Instead of being a “significant event for the international banking community,” as reported by Hipkins, the “threat,” Krebs wrote, involved “activity stemming from Nigerian scammers who have been conducting run-of-the-mill bank phishing scams for almost a decade now and have left quite a trail.”

Colorado Springs

The company employs 50 people, 30 in Colorado Springs, Hipkins said. It is expanding operations in San Antonio, Texas, New York City, Charlotte, N.C., and Honolulu, Hawaii.

“We expect that to grow significantly in the next couple years,” he said of the Colorado Springs workforce. “We have great access to some of the top industry professionals, based on our careers.”

Hipkins said the company has invested more than $2 million into its APC. He did not release the company’s annual budget or names of its clients.

It is also known as root9B Technologies Inc., a publicly traded company. Wednesday, root9B Technologies Inc. traded at 86 cents per share, according to marketwatch.com.

Hipkins said he located the headquarters in Colorado Springs because of its military bases, colleges and universities, current cyber-focused businesses and defense facilities.

Also, his wife is a native of Colorado Springs, and his first U.S. Army post was at Fort Carson, he said.

He added that discussions of cybersecurity often intermingle with those of space operations, and because Colorado Springs is the center of Air Force space operations, locating the headquarters here was a natural choice.

“Colorado Springs is one of the top cyber communities in the United States, and this new center adds a significant piece to this growing sector,” said Dirk Draper, president and CEO of the Colorado Springs Regional Business Alliance.

“With important assets such as Air Force Space Command, U.S. Northern Command, a new partnership between UCCS and the Army Reserve for developing cyber workforce, and over 40 cyber-focused companies, Colorado Springs will continue to be a top location for cyber activity.”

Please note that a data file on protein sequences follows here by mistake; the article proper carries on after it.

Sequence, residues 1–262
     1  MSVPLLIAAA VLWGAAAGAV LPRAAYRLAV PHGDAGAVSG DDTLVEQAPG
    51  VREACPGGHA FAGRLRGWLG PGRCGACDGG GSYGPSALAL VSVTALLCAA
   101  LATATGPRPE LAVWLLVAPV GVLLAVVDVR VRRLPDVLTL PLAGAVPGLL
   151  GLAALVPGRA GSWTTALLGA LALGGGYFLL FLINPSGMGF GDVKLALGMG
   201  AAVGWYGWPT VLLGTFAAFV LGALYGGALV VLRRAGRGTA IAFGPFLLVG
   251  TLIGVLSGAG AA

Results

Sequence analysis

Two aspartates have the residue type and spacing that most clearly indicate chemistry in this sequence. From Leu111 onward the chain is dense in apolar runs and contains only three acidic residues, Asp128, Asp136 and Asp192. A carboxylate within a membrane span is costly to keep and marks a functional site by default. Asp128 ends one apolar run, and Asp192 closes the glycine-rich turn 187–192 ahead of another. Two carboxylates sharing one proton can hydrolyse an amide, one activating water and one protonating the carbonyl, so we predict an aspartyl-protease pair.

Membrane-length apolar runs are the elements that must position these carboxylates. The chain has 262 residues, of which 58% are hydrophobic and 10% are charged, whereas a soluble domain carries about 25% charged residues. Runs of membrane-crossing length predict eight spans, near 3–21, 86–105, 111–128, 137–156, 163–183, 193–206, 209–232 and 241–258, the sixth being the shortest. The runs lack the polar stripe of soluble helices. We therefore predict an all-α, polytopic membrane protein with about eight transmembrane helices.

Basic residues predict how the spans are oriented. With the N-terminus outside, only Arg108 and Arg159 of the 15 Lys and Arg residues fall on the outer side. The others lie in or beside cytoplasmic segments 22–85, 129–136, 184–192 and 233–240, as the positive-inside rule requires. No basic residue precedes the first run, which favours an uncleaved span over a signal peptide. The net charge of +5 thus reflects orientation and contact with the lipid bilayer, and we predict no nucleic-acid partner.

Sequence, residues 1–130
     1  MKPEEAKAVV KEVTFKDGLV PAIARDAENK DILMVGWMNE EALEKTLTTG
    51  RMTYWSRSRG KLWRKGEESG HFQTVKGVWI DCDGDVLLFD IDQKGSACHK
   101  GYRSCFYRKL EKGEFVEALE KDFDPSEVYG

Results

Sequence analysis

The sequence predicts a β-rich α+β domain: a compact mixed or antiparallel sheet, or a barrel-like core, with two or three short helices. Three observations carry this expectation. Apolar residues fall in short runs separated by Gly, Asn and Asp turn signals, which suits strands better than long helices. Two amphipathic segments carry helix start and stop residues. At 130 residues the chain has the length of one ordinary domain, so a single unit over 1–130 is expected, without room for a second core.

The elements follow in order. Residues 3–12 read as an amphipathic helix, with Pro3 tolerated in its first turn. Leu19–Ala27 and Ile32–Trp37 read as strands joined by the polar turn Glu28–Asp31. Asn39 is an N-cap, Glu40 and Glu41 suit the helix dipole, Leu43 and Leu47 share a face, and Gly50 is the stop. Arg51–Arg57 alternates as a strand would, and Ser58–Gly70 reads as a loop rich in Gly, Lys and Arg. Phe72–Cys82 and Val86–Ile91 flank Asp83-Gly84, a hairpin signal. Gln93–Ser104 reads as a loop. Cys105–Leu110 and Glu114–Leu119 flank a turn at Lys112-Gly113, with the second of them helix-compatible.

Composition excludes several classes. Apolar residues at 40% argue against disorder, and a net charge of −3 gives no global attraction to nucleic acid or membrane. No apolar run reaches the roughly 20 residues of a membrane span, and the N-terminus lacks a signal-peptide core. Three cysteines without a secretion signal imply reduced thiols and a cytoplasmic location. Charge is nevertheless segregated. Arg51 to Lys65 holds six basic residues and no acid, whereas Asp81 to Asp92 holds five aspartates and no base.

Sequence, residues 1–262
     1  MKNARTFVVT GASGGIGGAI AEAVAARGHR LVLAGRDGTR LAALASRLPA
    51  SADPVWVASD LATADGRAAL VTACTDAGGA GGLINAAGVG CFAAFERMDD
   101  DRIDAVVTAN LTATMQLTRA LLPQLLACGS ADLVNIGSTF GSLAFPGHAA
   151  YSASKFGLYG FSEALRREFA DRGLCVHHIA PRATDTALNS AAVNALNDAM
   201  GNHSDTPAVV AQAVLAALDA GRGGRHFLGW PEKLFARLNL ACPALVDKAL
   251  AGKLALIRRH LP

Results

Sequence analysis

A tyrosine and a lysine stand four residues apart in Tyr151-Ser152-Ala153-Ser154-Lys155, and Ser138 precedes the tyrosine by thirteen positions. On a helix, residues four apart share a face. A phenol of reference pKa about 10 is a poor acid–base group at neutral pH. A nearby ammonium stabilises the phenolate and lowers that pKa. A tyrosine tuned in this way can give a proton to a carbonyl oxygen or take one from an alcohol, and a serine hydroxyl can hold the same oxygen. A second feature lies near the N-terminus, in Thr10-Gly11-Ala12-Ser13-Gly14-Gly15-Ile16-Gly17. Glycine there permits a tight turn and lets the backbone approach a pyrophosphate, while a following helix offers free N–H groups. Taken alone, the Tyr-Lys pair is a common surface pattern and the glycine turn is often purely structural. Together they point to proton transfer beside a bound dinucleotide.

And other organizations believe the company is an important asset.

In the top 50

According to its website, Cybersecurity Ventures is a “research and market intelligence firm focused on startup and emerging companies and major players in the cybersecurity industry.”

On its Cybersecurity 500, a list of its top innovative companies, CV listed root9B as No. 45.

Cybersecurity Venture’s website said this of root9B: “root9B’s personnel are internationally recognized and trusted providers of advanced cyber solutions, satisfying requirements for missions and enterprises globally.

“We are dedicated to the delivery of solutions and services based on technical innovation and professional excellence. root9B’s workforce consists of U.S. military and law enforcement veterans with extensive experience providing advanced technology solutions,” the website said.


  1. cybercos

    “The country needs an active approach, versus reactive,” he said. “We use our hardware and software to place our operators in the customers’ network to hunt for and remove the adversary.”

    How is this approach NOT reactive? You are searching for adversary on the premise that a client has already been breached (also known as “incident response”). Or, are you searching for the “adversary” on networks that could be hacked (which is literally every one in existence)? It is still reactive because you’re looking for indicators of a breach. Sounds like a managed security service provider. APC is just another fancy way of saying “Security Operations Center”, too.

    By the way, root9b has always been “headquartered” in Colorado Springs.